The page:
• References included so that you can verify the content?
  • iTunes and Google Play ratings are useless
The #FOAM movement
Free Open Access MEducation
  • free resources with open commentary: blogs, tweets, online videos, etc.
  • coin was termed by emergency physicians
  • advantages: free, appealing, rapid dissemination (authors don't want to wait months to years for traditional publication process)
  •  disadvantage: at this point a lot of the content is unusual/attention gathering rather than core foundational topics
  • concerns: sustainable? (MDs doing this in spare time); students shouldn't try to use FOAM w/out solid foundational knowledge
Peer review debate
     public comments are a form of "post publication" peer review
    a more formal open peer review process like the one being promoted at Academic Life in Medicine

Dr. Husain's predictions
  • digital medicine tools like these will be a core part of med ed curriculum  
  • medical textbook use will decline, but there is still be a need for foundational knowledge sources
Yes, this movement has spread to nursing!

Thursday, November 19, 2015

Southeastern Library Assessment Conference

I attended this conference November 16-17 in Atlanta.  It was very useful. Below are some of the highlights for me.  All of the presentations are here (or will be soon).

Two librarians from UNC Charlotte presented on assessing e-resources.  They focused on Political Science but had a good protocol that could be applied to other subject areas.  The liaison to that area worked w/ their E-Resources Librarian.  They collaborated closely with teaching faculty to gain their input and used the data to cancel or promote underused resources.  See "Give e-resources a chance" on the program.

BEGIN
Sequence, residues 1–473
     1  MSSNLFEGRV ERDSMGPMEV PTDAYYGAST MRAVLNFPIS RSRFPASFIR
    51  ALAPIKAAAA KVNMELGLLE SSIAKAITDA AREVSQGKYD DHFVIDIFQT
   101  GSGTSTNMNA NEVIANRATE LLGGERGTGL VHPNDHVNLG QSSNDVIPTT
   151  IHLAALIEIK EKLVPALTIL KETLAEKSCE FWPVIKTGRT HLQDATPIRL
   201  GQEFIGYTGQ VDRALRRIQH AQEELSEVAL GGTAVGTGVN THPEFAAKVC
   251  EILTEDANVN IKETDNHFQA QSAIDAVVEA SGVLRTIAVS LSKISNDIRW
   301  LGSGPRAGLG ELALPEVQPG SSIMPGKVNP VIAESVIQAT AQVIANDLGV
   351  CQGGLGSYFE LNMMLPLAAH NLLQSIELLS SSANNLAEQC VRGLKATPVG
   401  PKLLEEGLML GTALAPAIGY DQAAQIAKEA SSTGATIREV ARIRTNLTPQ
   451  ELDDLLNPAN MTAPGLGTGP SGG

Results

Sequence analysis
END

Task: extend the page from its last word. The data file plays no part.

Librarians from MIT presented on "Design Thinking."  They worked with teams of students for a marathon over 2.5 days to gain input on library space design.  It was somewhat similar to our Idea-Thon and working with the IARC students a few years ago but with a different twist.

One of the most valuable presentations was from Grand Valley State.  The Information Literacy librarian conducted a study to examine the impact of library instruction on student retention.  She found a definite correlation. Interestingly, she used a method similar to what we've started here by recording the Genie course code for each instruction session.  She then worked with a statistician to compare it to retention rates.  Because she is working toward a publication she didn't post her PPT on the conference web site but will send it to individuals.  I've requested it and will share.

I presented with Crystal Baird from SACSCOC about how libraries can use assessment to prepare for accreditation.  

Thursday, September 3, 2015

Research Design and Librarianship - free ACRL webinar on 9/29

I just received message about this free webinar on 9/29, 2-3 pm EST -

Conducting research is an integral part of academic librarianship. To help equip librarians to design and conduct research projects the Loyola Marymount University William H. Hannon Library created the Institute for Research Design in Librarianship ( Hear from participants of this intensive two-week crash course in research methods and get their tips on research design. They’ll describe the projects they’ve created using their new skills and offer insights to inspire fellow librarians to conduct their own projects.